A task force in Indiana is building a national reputation for its aggressive pursuit of child pornographers worldwide. The Internet Crimes Against Children group includes federal, state and local law enforcement officials who track down people who record or collect videos depicting children being sexually abused. They follow the computer trail wherever it leads, resulting in arrests in the UK, Australia and elsewhere. Assistant Attorney Steve DeBrota is credited with leading the charge. He began pursuing child pornographers in 1991 and is now one of a handful of prosecutors advising the attorney general on child porn cases. Department of Justice figures show Indiana had 166 arrests for manufacturing, distributing or possessing child pornography in 2011.
US rail firm to keep running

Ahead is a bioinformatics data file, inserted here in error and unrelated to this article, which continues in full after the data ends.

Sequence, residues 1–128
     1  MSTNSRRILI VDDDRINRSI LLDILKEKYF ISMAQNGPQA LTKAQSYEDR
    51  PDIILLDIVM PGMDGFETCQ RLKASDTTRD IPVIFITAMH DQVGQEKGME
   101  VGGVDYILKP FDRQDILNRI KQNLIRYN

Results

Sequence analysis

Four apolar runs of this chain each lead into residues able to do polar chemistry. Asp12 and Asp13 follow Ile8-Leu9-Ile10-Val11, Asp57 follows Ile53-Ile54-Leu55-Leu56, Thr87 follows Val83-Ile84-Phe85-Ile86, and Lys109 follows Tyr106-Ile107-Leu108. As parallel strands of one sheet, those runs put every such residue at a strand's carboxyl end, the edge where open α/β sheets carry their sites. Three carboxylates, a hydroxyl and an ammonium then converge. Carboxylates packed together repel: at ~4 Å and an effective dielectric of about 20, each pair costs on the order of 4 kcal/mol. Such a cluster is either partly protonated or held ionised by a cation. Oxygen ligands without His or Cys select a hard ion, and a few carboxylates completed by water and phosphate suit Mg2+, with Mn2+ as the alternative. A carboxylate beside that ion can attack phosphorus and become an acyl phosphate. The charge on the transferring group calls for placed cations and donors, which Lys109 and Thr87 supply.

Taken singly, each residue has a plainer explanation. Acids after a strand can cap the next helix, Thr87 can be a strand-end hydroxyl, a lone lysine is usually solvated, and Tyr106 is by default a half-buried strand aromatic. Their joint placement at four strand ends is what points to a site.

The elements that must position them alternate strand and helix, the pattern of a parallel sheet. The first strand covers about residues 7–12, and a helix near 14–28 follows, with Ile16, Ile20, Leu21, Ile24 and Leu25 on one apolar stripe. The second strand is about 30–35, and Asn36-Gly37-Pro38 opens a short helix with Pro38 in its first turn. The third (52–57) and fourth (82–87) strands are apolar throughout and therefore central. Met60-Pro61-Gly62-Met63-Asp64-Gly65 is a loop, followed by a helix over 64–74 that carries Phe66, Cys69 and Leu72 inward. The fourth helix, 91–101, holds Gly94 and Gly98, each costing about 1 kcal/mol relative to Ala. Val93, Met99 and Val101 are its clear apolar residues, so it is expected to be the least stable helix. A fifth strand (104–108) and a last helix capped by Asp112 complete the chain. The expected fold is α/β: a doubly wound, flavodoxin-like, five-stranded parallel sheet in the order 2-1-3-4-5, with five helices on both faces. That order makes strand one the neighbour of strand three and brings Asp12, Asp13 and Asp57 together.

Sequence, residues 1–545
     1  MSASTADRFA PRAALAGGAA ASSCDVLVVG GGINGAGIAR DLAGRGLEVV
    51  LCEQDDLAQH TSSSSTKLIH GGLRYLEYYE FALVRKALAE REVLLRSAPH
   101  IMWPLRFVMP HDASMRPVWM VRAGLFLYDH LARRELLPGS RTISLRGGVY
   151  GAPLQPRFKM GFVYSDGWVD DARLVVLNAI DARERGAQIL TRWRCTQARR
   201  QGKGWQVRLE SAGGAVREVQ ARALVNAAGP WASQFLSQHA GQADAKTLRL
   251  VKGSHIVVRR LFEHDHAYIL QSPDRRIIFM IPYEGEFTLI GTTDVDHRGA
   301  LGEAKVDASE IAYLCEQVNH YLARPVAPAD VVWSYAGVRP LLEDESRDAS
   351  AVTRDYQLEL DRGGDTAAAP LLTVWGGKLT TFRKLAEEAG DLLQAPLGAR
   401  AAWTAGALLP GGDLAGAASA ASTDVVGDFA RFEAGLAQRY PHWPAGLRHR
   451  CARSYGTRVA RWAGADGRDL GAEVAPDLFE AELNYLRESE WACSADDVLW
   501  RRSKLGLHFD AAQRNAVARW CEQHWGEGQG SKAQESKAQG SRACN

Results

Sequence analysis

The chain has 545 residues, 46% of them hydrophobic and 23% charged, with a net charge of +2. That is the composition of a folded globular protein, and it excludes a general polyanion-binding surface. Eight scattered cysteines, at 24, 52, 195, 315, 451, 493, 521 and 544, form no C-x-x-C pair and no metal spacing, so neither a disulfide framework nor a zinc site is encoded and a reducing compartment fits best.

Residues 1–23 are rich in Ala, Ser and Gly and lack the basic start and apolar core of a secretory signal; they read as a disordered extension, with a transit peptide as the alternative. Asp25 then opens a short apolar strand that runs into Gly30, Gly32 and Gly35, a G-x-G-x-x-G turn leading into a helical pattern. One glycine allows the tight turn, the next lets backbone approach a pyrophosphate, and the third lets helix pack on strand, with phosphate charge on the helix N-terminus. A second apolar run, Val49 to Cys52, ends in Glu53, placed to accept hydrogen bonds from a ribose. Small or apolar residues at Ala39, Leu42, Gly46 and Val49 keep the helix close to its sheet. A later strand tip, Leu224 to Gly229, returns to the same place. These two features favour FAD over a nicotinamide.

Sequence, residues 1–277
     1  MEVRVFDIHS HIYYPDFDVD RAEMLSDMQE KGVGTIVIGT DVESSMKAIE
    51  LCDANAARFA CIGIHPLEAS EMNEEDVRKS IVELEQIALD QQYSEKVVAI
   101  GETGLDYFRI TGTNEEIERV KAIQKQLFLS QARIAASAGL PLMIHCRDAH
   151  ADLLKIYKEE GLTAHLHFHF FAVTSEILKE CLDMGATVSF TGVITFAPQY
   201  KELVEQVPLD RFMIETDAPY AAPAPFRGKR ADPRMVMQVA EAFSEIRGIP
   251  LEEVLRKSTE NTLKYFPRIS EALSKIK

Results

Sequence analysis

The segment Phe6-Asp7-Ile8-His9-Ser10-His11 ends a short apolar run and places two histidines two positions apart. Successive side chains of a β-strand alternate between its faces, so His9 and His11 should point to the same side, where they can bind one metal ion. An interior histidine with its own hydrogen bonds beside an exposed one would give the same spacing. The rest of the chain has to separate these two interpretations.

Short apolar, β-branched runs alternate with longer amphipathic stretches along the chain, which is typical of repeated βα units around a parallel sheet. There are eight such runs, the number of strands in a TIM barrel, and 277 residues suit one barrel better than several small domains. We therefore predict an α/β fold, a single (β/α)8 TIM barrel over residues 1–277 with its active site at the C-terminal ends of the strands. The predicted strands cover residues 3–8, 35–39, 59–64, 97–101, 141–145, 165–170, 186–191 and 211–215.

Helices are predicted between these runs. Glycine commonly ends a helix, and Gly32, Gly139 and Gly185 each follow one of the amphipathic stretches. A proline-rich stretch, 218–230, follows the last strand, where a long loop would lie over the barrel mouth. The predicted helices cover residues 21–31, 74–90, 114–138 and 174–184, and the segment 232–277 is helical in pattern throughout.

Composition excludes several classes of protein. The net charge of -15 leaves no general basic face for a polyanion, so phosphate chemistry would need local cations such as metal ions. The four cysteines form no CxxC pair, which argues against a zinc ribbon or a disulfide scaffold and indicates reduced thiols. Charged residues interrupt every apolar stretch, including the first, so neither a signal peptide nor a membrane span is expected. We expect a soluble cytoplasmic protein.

The Transportation Agency on Friday determined that the US rail company whose runaway oil train crashed into Lac-Megantic on July 6, killing 47 people, has adequate insurance to keep operating for the next month-and-a-half. The agency said that Montreal, Maine & Atlantic Railway provided evidence it had adequate third-party liability insurance coverage to operate from Tuesday to Oct. 1. The agency’s decision reversed an order given last week that would have halted the company’s operations starting this week. Agency spokeswoman Jacqueline Bannister said the rail company must show it has the funds to pay the self-insured portion of its operations or the regulator will suspend its operations from Friday. The company was granted creditor protection on Aug. 8 after it said it could not afford the cleanup and reconstruction costs of the accident, in which 72 tankers of crude oil crashed into the center of the town, destroying 40 buildings.